How to Repaint Metal Surfaces
Metal is used for its strength, ductility and malleability in a number of ways – machines, everyday items, decoration, benches, equipment, and more. However, if left in the open, it can fall prey to rust, tarnish and discolouration – these not only affect the look of the metal but have a largely negative impact on its quality. If you are currently working on a DIY project that involves metal – old or new, you probably want to protect it from all of this, or want to rejuvenate it. Paint will be your friend here. A good layer of paint all over your metal piece will help you give it a layer of protection from any contamination or rust from outside and also help you turn an old piece of metal into something bright and new! However, if you are new to all of this, you probably need a little metal paint guide.
Here is a small guide to give you an idea of how to paint or repaint metal objects and surfaces.
Step 1 – Preparing the surface
Getting the surface ready for painting is one of the most important steps in this whole process. It is not really complicated, but if you leave even a little speck of dirt or openings, it can prove fatal to your little project. Preparing the surface comes with five little steps in itself.
Cleaning the surface
Use mineral spirits and other cleaning agents to remove all external particles and dust from the surface you are working on.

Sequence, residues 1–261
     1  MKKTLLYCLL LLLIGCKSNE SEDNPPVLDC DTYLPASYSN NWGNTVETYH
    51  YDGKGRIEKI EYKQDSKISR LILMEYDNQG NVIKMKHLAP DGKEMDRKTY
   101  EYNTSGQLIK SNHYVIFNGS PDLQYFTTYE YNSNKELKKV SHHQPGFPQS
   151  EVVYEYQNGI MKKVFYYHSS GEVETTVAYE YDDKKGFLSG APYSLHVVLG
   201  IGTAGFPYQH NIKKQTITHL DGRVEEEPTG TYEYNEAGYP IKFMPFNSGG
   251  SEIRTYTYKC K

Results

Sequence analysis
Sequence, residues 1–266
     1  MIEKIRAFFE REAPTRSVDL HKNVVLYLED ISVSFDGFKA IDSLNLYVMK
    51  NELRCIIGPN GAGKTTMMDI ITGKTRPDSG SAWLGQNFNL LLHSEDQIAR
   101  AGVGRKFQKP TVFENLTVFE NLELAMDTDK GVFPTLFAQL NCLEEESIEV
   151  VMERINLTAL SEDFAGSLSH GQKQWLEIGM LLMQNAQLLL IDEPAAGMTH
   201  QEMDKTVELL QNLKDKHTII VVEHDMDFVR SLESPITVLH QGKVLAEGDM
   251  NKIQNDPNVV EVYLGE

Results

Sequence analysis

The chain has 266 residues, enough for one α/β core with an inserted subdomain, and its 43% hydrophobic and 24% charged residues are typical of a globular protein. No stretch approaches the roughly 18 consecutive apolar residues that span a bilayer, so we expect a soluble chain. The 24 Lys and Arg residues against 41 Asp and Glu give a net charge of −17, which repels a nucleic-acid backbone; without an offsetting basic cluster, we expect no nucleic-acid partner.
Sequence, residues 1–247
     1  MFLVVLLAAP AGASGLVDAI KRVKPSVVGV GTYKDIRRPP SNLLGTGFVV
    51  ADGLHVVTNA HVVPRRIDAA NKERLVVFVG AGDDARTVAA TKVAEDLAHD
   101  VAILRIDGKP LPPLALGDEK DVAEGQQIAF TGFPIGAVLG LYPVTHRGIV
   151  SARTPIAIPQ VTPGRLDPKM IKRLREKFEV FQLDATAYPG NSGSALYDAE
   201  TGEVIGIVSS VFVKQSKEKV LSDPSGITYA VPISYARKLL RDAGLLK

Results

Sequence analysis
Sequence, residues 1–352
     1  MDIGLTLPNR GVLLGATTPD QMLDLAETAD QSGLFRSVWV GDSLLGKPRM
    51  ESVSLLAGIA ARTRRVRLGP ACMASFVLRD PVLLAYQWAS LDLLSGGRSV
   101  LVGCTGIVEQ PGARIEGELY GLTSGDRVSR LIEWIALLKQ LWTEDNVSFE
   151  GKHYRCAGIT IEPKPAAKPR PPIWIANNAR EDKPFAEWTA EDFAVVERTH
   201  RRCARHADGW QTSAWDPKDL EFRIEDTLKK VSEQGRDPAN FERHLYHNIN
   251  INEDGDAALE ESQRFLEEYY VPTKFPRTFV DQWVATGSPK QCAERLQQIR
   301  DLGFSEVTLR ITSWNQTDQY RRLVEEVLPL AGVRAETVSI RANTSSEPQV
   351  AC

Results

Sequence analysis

Removing loose and peeling old paint
Before you move on to paint your metal surface, you need to make sure that no rust is left on it. Rust is metal’s worst enemy and it is important to get rid of it before doing pretty much anything with your metal piece. To get rid of rust, you can use a brush to clean off loose rust and sand the surface to restore the metal to its original state.
Repairing small holes and dents
Once your metal surface is flat and dent free, you can finally prime the surface. Choose the right primer according to your needs and apply an even layer to your surface to protect it from moisture and other environmental conditions. If you are working with metal, it is best to use rust converters or galvanized primers for your surface. Once you clean and apply two layers of primer to your surface, you are all set to paint your metal!
Step 2 – Applying the paint
If you are working with metal, you are probably working with acrylic paint. If you have any doubts or are in need of more tips and details, you can refer to this metal paint guide for some help.
Once your surface is completely clean and primer has been applied, you can start applying the first coat of your paint – with a brush or a paint sprayer. Make sure your first layer is not too thick and try to make it as even as possible. This will help you keep the final layer even and help it dry fast. Remember to apply the next layer of paint only when you are completely sure that the first or the previous layer is totally dry.
Step 3 – Applying the final coat
If the layer of paint on your metal surface is too thin, it will start scraping off whenever the object is being used, and if it is too thick, it will get chunky and start breaking off after just a little blow. It is best to apply three even layers of paint to your metal surface. Once you apply the final coat of paint, you should wait for about 48 hours, and you can finally use your metal object.